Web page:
1953      -4.70*              1961   -1.90*          1969    0.84
                  (-6.73)                    (-3.00)                 (1.47)
        1954      -3.58*              1962   -1.69*          1970    0.59
                  (-5.18)                    (-2.80)                 (1.08)
Other results
   They find similar results in college basket
    ball, where good managers are the first
    adopters of black players
       Can think of this as “new technology”
       Best managers adopt new productivity
        enhancing technology faster
       Then should be the case that black players in
        professional baseball and college basketball,
        around the time of integration, were better
        than their white counter parts
Shifting Gears a little: What about trends
in Gender Differences?
   The gender earnings ratio began to increase in
    the late 1970s or early 1980s.
   Convergence has been substantial: between 1978
    and 1999 the weekly earnings of women full-
    time workers increased from 61 percent to 76.5
    percent of men's earning and flattened out by the
   Could be that :
       Women are encountering less discrimination than
        previous ones
       an upward progression over time in the gender ratio
        within given cohorts
Human Capital Explanations
   Usually analyzed within the human capital
    model (Mincer and Polachek, 1974)
       The idea: division of labor by gender in the
        family, women tend to accumulate less labor
        market experience than men.
       women anticipate shorter and more
        discontinuous work lives, they have lower
        incentives to invest in market-oriented formal
        education and on-the-job training
       choose occupations for which on-the-job training
        is less important, gender differences in
        occupations would also be expected
Non-human Capital Explanations
   Specific Capital
       Shorter experience/tenure at firms
       employers may be reluctant to hire women for such jobs
        because the firm bears some of the costs of such firm-
        specific training and fears not getting a full return on that

   Labor market discrimination may also affect
    women's wages and occupations.
       "statistical discrimination," differences in the treatment of
        men and women arise from average differences between
        the two groups in the expected value of productivity
       discriminatory exclusion of women from "male" jobs can
        result in an excess supply of labor in "female"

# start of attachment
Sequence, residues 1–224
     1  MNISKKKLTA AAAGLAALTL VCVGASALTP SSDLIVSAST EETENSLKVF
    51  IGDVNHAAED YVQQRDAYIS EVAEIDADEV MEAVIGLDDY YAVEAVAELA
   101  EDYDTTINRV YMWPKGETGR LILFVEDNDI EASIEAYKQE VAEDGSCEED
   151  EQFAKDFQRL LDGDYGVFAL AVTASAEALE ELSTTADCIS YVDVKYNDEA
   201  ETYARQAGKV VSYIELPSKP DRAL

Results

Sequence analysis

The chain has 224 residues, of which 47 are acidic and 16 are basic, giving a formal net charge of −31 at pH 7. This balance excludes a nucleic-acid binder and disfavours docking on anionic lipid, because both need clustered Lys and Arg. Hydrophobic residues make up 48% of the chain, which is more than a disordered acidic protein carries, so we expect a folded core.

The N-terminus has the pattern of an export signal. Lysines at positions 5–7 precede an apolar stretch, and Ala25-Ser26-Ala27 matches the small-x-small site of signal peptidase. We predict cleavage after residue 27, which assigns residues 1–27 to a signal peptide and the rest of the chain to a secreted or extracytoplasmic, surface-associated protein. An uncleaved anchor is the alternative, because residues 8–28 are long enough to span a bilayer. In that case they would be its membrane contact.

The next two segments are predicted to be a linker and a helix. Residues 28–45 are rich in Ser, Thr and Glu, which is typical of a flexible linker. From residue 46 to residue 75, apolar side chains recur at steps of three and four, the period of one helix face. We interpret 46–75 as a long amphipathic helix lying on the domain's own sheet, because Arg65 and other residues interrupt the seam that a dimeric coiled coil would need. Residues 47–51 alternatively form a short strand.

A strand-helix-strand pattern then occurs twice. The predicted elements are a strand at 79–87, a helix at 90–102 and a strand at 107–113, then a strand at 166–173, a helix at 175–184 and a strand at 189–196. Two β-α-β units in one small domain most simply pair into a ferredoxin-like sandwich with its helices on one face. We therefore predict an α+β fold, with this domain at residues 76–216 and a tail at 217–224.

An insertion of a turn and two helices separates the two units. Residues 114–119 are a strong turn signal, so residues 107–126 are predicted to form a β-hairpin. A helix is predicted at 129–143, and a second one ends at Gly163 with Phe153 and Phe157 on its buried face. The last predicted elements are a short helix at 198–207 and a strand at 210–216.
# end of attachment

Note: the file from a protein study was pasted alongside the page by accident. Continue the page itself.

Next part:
occupations, depressing wages there for otherwise equally
        productive workers
Testing for Discrimination
   Difficult to observe employer tastes
       Can we separate human capital differences from some
        form of discrimination
       Set aside, for the moment, pre-market discrimination

   Clever natural experiments by Goldin & Rouse
    using orchestra
       Symphony orchestras used to be all male in the past and
        have slowly hired female musicians in the post-war period.
       Many orchestras introduced screens during auditions in the
        1970s, so that the judges wouldn’t be able to see the
        gender of a performer.
       data on auditions for about four decades for 8 major US
        symphony orchestras.
Estimating Differences after Blind Auditions
    Simple difference in success rates in screened and
     not-screened auditions
        On average, women do worse on blind rounds
        this could be due to changing composition of female pool.
        Possible that only the very best women competed when
         the game was lopsided.

    Limited to musicians (male and female) who
     auditioned both blind and non-blind suggest that
     women did relatively better in blind rounds (diff-
     females minus diff-males)
        All of these models exclude orchestra fixed effects
         because there is no ‘within’ variation in orchestra blind
        Modeling changes for the 3 orchestras that switch policies,
         can include musician and orchestra fixed effects
Glass Ceilings
   One particular form of discrimination might be
    glass ceilings
       women not being promoted to higher level jobs.
       If this is due to discrimination, then we would expect the
        women who do get promoted to be particularly able.

   Wolfers (2006) looks at the stock returns to
    female headed S&P 1500 firms
       very slightly negative returns for female headed firms
        (though not many observations)
       This result implies either there is no discrimination, or if
        there is discrimination, the market completely
        understands how much better the women are and
        values the firms correspondingly
       May be incorporated in stock prices and didn’t study the
        announcement of hiring a female CEO instead
Can we explain differences with preferences?
    Hard to do in a non-experimental setting
        Rarely observe controlled enough conditions to